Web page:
- Tennessee ammunition site explodes, killing 1
- U.N.: Iran cuts stock closest to nuke-arms grade
- Oklahoma gay-marriage case before U.S. appeals court
- Times wins two awards from Society for Professional Journalists
- Marionville mayor ‘kind of agreed’ with Kansas City shooter’s views
- Rev. Al Sharpton’s Easter message: Politically ‘crucified’ Obama has risen again
- Supreme Court to weigh challenge to ban on campaign lies
- UNICEF launches ‘Mr. Poo’ mascot in India to curb public defecation
- Teen taking selfie by train: ‘Wow, that guy just kicked me in the head’
- Goodbye, Afghanistan — hello, Africa: Air Force to shift as U.S. exits Middle East
HICKS: ‘Story of Stuff’ videos aim stealth indoctrination at students
Yesterday, I noted a sure sign that summer is nearly over: There were commercials on TV for ingredients to make school lunches.
Already, the folks at Oscar Mayer are offering suggestions for how to make a lunch that kids will find nutritious and delicious, though they don’t offer any advice in the ads on how to keep school administrators from pitching your homemade lunch and force-feeding your kid chicken nuggets.
Advertisers aren’t the only ones looking ahead to the coming academic year. Yesterday, the prolific folks at the Story of Stuff Project released yet another short video that is sure to become part of the stealth curriculum meant to indoctrinate our children into an anti-capitalist worldview.
This time, it’s “The Story of Change,” and the message is alarmingly clear: America needs a “new economic system” that is more environmentally friendly, more “fair,” and more democratic (with a small “d”).
Perhaps you are not one of the 15 million people who have viewed the original film that launched this agitprop empire: “The Story of Stuff.”
“The Story of Stuff” uses simplistic animation and sweeping generalizations to “educate” viewers, especially the nation’s schoolchildren, about anti-capitalism and eco-radicalism. It was funded by the Tides Center.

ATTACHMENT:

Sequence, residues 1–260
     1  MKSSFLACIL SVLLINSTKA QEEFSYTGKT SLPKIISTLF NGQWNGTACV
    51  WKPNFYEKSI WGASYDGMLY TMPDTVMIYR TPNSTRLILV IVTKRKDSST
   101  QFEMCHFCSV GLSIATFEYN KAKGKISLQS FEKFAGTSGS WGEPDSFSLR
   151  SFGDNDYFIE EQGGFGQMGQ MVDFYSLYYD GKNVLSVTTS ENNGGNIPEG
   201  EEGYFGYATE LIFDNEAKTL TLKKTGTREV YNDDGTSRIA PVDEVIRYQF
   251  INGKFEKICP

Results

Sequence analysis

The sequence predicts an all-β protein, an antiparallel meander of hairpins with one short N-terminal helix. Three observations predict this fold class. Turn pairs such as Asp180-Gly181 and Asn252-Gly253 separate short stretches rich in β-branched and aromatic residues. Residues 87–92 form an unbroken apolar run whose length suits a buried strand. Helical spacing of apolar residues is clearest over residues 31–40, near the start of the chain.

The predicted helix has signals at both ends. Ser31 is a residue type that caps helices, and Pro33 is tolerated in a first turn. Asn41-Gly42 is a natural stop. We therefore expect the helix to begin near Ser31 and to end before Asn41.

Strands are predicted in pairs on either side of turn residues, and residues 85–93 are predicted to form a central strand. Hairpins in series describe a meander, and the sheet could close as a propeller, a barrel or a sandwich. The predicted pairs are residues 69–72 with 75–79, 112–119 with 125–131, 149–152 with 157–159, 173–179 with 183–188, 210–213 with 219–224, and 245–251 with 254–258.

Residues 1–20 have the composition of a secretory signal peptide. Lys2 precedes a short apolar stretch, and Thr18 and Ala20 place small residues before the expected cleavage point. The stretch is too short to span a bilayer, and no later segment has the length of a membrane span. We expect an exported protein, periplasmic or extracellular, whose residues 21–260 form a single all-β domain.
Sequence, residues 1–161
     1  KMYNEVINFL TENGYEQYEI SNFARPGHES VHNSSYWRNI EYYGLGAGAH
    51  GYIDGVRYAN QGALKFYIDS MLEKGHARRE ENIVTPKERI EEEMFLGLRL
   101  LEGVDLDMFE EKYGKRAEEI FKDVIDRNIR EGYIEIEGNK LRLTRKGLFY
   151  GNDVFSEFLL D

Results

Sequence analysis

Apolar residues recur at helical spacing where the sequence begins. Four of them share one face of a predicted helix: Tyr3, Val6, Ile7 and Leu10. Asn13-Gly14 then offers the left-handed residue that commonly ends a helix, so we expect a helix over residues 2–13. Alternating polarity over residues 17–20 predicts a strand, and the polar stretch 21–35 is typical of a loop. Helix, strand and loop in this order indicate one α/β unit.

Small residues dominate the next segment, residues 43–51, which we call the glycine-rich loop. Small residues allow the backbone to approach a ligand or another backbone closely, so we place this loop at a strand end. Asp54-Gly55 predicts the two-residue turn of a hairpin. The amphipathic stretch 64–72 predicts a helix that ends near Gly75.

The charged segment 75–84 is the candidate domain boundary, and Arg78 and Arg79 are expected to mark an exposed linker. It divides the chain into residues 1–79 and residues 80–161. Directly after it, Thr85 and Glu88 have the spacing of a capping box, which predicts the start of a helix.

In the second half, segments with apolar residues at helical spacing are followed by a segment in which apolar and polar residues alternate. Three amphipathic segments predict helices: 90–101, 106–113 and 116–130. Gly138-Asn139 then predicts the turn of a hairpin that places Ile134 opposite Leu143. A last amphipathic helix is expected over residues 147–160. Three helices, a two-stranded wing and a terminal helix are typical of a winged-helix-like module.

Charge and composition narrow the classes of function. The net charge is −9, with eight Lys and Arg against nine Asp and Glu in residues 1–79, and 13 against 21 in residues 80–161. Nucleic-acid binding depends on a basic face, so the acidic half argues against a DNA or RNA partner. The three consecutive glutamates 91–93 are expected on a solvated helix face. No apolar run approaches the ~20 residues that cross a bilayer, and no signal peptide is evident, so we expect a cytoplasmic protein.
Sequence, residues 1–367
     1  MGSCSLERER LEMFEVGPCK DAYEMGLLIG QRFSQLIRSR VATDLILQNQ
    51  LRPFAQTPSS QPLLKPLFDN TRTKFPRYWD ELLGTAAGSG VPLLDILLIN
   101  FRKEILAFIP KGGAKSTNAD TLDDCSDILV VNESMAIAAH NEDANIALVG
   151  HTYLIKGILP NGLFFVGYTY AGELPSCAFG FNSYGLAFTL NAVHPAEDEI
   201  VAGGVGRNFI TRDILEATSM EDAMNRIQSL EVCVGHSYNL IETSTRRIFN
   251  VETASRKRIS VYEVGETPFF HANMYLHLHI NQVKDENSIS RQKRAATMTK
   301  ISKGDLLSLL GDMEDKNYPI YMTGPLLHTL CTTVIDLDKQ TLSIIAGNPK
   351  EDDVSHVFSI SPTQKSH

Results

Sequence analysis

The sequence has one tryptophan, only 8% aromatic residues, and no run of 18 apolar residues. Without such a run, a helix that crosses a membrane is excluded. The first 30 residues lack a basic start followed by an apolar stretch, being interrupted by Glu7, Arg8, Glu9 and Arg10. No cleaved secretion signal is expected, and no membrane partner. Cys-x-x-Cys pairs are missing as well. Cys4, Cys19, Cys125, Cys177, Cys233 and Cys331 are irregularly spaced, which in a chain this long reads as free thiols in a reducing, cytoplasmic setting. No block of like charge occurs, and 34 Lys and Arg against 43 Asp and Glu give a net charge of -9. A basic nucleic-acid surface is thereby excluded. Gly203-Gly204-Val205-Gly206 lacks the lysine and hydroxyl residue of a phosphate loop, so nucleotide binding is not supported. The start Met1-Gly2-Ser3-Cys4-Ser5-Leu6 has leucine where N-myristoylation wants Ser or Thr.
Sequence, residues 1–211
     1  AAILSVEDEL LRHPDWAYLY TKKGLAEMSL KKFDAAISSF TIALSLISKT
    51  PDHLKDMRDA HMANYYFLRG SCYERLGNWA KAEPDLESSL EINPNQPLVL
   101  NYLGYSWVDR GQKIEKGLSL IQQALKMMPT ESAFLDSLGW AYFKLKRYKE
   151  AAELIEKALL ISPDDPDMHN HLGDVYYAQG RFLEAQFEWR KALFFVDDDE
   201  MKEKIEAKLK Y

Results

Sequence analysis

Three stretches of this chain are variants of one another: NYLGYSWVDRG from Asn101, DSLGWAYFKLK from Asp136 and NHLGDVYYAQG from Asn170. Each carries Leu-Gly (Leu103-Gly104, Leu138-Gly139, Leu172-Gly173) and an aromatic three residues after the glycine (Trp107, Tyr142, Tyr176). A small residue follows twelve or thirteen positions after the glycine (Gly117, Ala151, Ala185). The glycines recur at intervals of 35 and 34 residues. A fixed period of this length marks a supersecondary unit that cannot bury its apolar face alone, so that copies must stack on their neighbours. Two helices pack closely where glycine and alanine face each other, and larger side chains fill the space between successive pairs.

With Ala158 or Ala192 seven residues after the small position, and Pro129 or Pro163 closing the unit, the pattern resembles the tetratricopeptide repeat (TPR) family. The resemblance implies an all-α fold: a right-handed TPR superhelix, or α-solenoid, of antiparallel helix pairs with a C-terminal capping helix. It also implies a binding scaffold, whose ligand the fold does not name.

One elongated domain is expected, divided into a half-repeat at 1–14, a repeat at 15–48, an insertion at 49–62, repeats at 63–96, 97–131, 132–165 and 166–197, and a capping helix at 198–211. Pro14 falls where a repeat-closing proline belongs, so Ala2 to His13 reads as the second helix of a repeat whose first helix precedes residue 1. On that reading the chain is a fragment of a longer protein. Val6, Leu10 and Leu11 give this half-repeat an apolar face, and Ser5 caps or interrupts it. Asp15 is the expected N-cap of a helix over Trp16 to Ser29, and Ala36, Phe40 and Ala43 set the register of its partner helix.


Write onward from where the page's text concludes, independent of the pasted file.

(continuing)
In this documentary, creator Annie Leonard convicts Americans of hyper-consumerism and U.S. corporations of essentially raping the land and exploiting all the citizens of the world. I’ll synopsize, in case you don’t have 20 minutes to spare: All companies are bad, everything contains toxins, all governments are corrupt, but “democracy” will save the day. And the planet.
Between YouTube and DVD sales to schools and churches, an estimated 15 million people have seen “The Story of Stuff.” It routinely is assigned as part of science and social studies curricula. There’s even a faith-based program — “Let There Be Stuff?” — to inculcate the film’s message via religious education classes and Bible-study groups.
In fact, the dissemination and proliferation of “The Story of Stuff” has spawned a veritable cottage industry of left-wing cartoons, including “The Story of Bottled Water,” “The Story of Cosmetics,” “The Story of Cap and Trade,” and “The Story of Electronics.” And last year Ms. Leonard was quick to produce “The Story of Citizens United v. FEC,” to explain why our Supreme Court got it wrong.
Now comes “The Story of Change.” Ms. Leonard’s premise is that personal behavior — while admirable — won’t solve our environmental “crisis.” It’s not enough to replace your light bulbs or carry your green cleaning products home in a reusable shopping bag.
Only a systemic change in our economy will produce the result we need, Ms. Leonard says. Just what would that change entail? For starters, an end to free markets and the adoption of a “new economy” as outlined by the neweconomynetwork.org.
This radical group says the purpose of an economic system is “to organize human activities in ways that support healthy and resilient human communities and ecosystems for both present and future generations.”
That’s a far cry from the vision of our nation’s founders.
The purpose of our American economic system is to permit the free participation of free people in whatever economic activity they choose. It’s the vehicle through which people realize their hopes and dreams, provide for themselves and their families, and yes, accumulate property. (Gasp.)
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